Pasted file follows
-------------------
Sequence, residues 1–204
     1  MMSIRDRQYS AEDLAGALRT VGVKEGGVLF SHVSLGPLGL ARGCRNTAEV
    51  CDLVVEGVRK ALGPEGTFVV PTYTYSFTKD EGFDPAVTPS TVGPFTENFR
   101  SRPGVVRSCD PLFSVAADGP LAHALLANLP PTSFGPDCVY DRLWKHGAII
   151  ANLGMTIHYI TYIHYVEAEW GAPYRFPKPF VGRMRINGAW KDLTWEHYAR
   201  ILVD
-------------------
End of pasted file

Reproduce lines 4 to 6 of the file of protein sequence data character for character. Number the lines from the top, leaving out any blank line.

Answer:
   101  SRPGVVRSCD PLFSVAADGP LAHALLANLP PTSFGPDCVY DRLWKHGAII
   151  ANLGMTIHYI TYIHYVEAEW GAPYRFPKPF VGRMRINGAW KDLTWEHYAR
   201  ILVD